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Towards a theory of inelastic stability

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If you have a question about this talk, please contact Dr Maria Marques de Carvalho.

The theory of elastic stability has been a great triumph in structural engineering and underpins the practical design methodologies of a wide range of structural elements and systems. Several important metals, however, such as aluminium and stainless steel alloys, only exhibit a very limited linear elastic range, display gradual yielding and extensive strain hardening, and cannot be designed using the design methodologies applicable to carbon steel. A suitable theory of inelastic stability, on the other hand, is still in its infancy, held back by an almost century-old theoretical hurdle dubbed the ‘plastic buckling paradox’. We will investigate the nature and origins of this paradox, and propose a solution based on a consistent application of plastic flow theory. Some new developments originating from this break-through, related to buckling of inelastic plates and columns, will be presented.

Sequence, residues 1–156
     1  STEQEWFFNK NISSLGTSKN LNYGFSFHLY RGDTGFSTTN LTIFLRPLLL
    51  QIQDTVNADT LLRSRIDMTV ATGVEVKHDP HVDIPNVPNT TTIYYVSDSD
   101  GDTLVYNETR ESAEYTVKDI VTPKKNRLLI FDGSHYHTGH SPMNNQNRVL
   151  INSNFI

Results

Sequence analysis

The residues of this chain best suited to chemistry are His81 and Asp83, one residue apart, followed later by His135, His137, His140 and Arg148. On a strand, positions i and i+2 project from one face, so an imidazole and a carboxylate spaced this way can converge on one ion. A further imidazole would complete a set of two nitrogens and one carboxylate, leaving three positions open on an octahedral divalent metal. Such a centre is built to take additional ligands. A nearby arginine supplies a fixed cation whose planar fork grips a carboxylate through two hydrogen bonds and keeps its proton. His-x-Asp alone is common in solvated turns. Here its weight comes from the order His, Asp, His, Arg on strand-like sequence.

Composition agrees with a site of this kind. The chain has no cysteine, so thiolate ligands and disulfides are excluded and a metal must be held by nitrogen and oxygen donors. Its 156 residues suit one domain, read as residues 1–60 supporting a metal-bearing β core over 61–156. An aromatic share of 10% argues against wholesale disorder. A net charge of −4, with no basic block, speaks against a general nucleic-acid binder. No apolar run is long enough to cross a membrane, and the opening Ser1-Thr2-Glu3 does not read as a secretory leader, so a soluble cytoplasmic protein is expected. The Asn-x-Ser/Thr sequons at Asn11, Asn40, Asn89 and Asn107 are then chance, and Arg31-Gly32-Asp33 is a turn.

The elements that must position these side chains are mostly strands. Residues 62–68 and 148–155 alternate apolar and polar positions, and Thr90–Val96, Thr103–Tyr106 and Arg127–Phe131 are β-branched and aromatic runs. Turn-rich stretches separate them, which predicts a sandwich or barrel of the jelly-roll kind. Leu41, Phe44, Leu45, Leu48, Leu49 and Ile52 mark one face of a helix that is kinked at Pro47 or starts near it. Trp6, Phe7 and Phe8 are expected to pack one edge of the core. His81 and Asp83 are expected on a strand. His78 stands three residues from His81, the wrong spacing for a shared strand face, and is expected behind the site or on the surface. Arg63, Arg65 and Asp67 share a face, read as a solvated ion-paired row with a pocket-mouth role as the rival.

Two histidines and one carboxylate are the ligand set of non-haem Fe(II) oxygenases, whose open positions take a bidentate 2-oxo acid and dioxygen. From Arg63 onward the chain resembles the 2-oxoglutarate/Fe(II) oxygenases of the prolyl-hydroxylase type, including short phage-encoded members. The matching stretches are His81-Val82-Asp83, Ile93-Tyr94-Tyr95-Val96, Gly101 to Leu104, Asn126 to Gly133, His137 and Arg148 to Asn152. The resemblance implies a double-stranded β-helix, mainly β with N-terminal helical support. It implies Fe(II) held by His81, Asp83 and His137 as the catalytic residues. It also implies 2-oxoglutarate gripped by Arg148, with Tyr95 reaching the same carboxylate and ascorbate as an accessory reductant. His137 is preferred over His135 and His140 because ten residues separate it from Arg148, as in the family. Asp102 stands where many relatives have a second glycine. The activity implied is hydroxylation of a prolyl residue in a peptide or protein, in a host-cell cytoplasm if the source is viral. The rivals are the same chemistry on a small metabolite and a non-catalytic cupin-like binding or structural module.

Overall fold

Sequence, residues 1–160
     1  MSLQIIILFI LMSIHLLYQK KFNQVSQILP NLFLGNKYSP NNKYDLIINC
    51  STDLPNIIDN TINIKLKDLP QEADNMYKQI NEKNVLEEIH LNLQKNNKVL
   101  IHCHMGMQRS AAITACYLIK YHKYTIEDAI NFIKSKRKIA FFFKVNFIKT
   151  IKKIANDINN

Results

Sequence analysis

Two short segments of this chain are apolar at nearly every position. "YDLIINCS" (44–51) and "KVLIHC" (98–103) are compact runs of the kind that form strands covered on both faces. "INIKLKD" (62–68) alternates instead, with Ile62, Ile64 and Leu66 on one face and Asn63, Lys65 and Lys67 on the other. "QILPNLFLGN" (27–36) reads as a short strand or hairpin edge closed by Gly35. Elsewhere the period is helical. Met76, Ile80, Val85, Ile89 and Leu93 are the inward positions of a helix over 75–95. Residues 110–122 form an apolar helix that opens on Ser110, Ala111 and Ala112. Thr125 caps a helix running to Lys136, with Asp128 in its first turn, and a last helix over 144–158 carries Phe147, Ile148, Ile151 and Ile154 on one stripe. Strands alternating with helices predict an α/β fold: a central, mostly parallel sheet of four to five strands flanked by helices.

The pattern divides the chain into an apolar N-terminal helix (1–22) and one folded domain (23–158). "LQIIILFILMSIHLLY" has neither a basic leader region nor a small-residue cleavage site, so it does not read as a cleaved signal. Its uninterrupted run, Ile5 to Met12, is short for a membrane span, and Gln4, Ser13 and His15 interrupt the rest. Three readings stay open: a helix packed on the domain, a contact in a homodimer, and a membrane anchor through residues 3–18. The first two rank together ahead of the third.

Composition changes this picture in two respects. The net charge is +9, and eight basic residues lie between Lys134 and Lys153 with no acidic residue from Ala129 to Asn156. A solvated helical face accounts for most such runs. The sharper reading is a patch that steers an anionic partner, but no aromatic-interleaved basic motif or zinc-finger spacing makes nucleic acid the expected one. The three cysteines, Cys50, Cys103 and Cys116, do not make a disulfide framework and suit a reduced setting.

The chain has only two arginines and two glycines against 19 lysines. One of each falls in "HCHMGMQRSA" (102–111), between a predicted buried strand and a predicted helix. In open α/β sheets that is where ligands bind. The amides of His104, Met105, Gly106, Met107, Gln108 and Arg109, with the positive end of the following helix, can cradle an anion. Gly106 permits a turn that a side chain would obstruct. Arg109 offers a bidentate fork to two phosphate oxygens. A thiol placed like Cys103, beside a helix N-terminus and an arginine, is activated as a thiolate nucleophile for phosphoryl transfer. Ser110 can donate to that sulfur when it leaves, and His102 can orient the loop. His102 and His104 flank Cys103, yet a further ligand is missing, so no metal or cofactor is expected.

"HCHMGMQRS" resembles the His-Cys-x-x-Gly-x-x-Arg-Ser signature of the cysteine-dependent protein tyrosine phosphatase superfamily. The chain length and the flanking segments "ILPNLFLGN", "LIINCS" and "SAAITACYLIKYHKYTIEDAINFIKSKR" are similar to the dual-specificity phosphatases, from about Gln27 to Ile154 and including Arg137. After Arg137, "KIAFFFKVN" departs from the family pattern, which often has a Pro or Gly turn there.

This talk is part of the Engineering Department Structures Research Seminars series.

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